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Written by AMA Staff
As seen in the August 2015 issue of
Model Aviation.

Horace Hagen’s Cobra

Dieter Schlueter of Germany was the first person to commercially produce and sell a semiscale RC helicopter kit—a scale AH-1G Bell Huey Cobra. Horace Hagen received one of the first 50 kits built and sold by Dieter in April 1971. The kit also had the distinction of being the first RC helicopter kit in the US.

Horace Hagen donated his 1971 Scale AH-1G Bell Huey Cobra to the National Model Aviation Museum
in 2011.

Here is a description, in Horace’s words, of building and learning to fly the Cobra:

“The Cobra kit consisted of a fiberglass fuselage and the machined mechanics. It took me about four weeks to complete the helicopter using the German instructions and plans. The wooden formers had to be cut out of plywood and fitted into the fuselage. The hardest part of the assembly was the physical alignment between the mechanics and the fuselage.

“I had to make my own rotor blades out of wood. I used white mahogany (also known as Ramin or bastard mahogany) for the leading edge and balsa wood for the trailing edge. The instructions recommended a training gear in the form of a tripod. I made this tripod out of 1 /2-inch dowels and added spring-loaded shock absorbers. This was highly recommended by Dieter as a training aid.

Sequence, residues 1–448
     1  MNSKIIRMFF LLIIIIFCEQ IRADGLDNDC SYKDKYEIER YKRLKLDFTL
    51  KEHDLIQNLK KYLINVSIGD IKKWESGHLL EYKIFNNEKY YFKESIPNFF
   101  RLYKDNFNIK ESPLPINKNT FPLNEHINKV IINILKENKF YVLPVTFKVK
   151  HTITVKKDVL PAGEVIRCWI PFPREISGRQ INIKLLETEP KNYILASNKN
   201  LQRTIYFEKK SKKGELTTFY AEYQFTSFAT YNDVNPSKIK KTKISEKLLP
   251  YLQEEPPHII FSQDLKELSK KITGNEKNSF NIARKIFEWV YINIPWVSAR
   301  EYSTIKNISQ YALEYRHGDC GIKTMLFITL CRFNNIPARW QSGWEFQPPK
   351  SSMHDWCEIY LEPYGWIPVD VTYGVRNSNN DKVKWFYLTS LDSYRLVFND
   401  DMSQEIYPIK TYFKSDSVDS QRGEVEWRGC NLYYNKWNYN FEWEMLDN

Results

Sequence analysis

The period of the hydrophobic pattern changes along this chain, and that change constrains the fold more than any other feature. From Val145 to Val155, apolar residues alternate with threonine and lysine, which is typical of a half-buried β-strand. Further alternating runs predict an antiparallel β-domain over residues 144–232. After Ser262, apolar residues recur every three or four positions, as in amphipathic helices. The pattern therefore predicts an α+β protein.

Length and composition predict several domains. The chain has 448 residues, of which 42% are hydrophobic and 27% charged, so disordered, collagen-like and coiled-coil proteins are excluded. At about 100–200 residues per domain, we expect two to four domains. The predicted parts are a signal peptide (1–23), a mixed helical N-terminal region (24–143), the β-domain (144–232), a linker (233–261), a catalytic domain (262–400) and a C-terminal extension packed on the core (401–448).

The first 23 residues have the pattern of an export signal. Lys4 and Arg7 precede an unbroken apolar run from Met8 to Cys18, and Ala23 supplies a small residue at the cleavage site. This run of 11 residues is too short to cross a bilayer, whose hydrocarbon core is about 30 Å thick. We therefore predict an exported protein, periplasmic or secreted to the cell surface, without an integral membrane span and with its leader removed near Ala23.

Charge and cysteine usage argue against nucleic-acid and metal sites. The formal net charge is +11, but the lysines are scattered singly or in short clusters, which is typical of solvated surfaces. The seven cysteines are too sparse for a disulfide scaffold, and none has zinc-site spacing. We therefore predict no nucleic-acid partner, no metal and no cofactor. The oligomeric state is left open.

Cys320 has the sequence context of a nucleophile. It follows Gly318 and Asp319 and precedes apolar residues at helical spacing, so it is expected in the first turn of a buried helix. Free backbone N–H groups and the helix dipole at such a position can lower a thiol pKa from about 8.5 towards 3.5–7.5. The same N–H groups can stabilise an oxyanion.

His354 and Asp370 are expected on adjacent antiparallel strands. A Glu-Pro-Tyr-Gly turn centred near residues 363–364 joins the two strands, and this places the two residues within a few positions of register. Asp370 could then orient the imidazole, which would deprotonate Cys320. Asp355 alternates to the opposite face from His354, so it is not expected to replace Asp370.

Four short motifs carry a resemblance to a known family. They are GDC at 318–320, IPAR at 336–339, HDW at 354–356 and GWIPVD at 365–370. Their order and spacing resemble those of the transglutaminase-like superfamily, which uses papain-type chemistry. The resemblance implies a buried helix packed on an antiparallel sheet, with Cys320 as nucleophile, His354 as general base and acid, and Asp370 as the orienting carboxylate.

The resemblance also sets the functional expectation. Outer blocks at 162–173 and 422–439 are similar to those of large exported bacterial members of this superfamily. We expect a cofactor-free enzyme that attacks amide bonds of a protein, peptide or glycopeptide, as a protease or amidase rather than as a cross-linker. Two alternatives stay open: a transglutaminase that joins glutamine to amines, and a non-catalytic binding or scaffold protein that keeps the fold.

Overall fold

“Since I had no spare parts, I proceeded very cautiously during the initial attempts. All of the initial attempts took place during May at our Monmouth Model Airplane Club flying field behind the Bendix plant in Holmdel, New Jersey. I went one step further than just using the tripod landing gear.

“I tied the three ends of the training gear to a brick via two-foot-long strings so the model could not fly away. However, this meant that I had to hover between the three bricks with only about one foot of slack in the strings. This system saved the heli when the throttle link came off the carburetor and the SuperTigre engine went to full throttle. I had to dive under the spinning main rotor and pull the fuel line off to save the helicopter.

“Looking at my flightlog book, I spent about 1.5 hours trying to hover the helicopter between the bricks. When I arrived at a point where I could hover the heli with all three strings slack for a few seconds, I decided to try my hand at hovering it without the tethers. I was quite shocked by how much easier it was to hover.”

The Cobra in flight over the closed runway at a Red Bank NJ airport, May 1972.

You can read more about Horace’s experiences during the early years of RC helicopters in his AMA History Project biography available at


Beautiful Model!!!! Whatever happened to Schlueter GmbH? They made some fantastic scale birds. As a scale-helo buff, it’s great to see this.

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